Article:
To stimulate reading and make it a fun activity you can incorporate these activities into your Library sessions:
Speed Booking – Depending on the class or group size, gender and year level, the organiser needs to select enough books to choose from. This can be fiction or non-fiction or both. Ask in advance how many students/readers you will
After the readers have visited all the tables they’ll have ended up with their final choice. That is the book they are going to read; in
Buy, borrow or beg items that represent the genres you are going to explain: Smiley face on a hat for humor, a battery operated sword with glowing green tip for Dystopia, fur dog from the op shop for Animals, ……let your imagination run wild.
Divide the readers in groups of 4 or 5. Each group sits around a table close enough to be able to see and hear you – a podium works wonders. Explain what is going to happen. First the guessing of genres and after that the selection of 2 books (or 4 depending on time and enthusiasm) of different genres. Tell them that at the end of the session you’re going to make a group photo where the students can show the genre items – (have your camera ready) Let them choose the representative.
Type and print in advance a required number of excel sheets, with columns for genre, characteristic and title of book and a row for each genre. Let the students choose a representative for their group (he or she will answer questions at the end of the session) and have that noted down at the bottom of the sheet.
With the genre items ready and the excel sheets and pencils at hand you can start the session.
Hand out the excel sheets plus pencils – each group gets 1 excel sheet plus a pencil for each representative. Each group has to find 2
When the students choose books and are writing, you have the time to arrange all genre items on a table for when you are going to make a group photo.
At the end of the session, when all groups have discussed their books, allow for 2 extra minutes to make a group photo with the students holding the genre items. Make a couple of photos – a serious and a funny one where everybody sticks out their tongue or looks cross-eyed. Email it to their teacher or put it on the school blog. Success assured!!!
Make special events for the corners of the board, like in the real Monopoly. That can be doing something like finishing a quote. Have quizzes and questions incorporated in the board for the stations and prison. Use 2 large dice and let the students start. They have to read one of the books they pass during the trip. To keep track of what books they landed on they select the paper copies until after the game. Keep extra copies of books to replace the empty space.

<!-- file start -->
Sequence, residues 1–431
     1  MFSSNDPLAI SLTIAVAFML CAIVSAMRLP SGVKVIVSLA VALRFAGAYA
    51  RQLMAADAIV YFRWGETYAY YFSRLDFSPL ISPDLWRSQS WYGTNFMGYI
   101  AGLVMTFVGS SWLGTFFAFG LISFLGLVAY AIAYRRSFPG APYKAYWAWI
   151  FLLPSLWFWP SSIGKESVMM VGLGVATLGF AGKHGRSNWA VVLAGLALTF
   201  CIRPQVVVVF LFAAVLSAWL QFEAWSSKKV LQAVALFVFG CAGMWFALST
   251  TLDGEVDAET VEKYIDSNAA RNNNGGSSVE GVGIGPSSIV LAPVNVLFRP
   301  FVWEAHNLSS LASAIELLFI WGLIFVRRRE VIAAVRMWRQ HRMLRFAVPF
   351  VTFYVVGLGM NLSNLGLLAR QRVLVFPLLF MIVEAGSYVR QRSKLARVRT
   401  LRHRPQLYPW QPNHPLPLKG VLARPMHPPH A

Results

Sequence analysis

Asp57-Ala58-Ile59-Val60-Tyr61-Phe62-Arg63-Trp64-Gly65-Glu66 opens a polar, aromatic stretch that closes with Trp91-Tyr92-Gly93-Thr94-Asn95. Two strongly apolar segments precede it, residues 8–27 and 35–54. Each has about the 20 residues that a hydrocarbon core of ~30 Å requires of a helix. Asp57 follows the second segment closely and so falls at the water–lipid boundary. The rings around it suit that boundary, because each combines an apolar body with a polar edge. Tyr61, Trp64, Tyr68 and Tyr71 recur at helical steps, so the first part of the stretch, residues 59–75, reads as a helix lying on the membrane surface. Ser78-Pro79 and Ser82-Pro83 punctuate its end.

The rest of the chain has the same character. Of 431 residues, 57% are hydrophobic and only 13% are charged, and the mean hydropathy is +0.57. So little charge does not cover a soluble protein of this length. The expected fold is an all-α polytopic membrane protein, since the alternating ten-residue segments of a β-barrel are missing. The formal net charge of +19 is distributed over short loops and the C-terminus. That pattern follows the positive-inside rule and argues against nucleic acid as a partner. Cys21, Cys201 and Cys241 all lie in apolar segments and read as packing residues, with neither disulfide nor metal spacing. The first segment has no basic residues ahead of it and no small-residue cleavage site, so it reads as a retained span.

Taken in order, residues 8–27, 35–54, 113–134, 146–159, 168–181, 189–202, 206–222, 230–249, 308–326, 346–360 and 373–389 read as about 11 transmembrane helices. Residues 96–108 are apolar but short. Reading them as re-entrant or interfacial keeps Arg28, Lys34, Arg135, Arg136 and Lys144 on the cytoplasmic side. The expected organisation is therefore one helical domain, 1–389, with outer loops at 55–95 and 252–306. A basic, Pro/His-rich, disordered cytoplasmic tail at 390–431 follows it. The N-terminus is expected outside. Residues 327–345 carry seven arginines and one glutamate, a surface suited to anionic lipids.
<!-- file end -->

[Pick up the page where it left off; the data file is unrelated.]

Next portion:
Because you can incorporate whatever quiz or number game you want, a wider range of students will enjoy it. Some are good at answering literature questions and some are better at the quizzes or number games. But in the end they all end up with a book they have to read!
Tell the students that it is not about giving an exact description of the story. You can’t in six words; but you can give an impression or the feeling of the story….
If they want to sign it with their name that’s fine but if they want to do it anonymously that’s OK as well. Many students prefer that.
Read some aloud before they begin to give them an idea of how it could be:
Some examples I love:
Butter: You should never eat yourself to death
Cherub series: James Bond child style Angels unite
Gone series: Adults gone but we are trapped
The hidden child: The mystery is never in history
Staple or paste the notes to a board so all students can read it. You can copy the front page of the cover of the book and staple it next to it.
If you want to make it a competition you need to appoint a judge and have a prize. Have the best 5 – 10 reviews printed on A3 and laminated and put in a dominant space on the wall.
Book Lovers’ Week – Carole Gardiner, Librarian from Queen’s High School in Dunedin organized the following activities during their Book Lovers’ Week:
Blind Date With A Book – Incredibly popular with over a hundred mystery books being issued during a week. –
Guess The Reader – The students have to guess which person is hiding behind a book.
Books We Love – Students and staff helped creating heart-shaped post-it notes with titles of the books they love.
Childhood Favorites – Staff shared their most loved children’s book in a vintage display.
You can check out Carole’s blog. For more info and photos: email@example.com
Thank you Carole for allowing me to display your ideas (:-)
Love Letters to a (famous) Book Character
Is the ancient art form of handwriting dying out? Have your students write a love letter to a book character they fell in love with and have it sent to the Library. The envelope and stamp give it extra substance. Publish the letter on a board and on your school or Library Blog or scan it and email it to the author who created the character.
Filed under: Reading Challenges & Competitions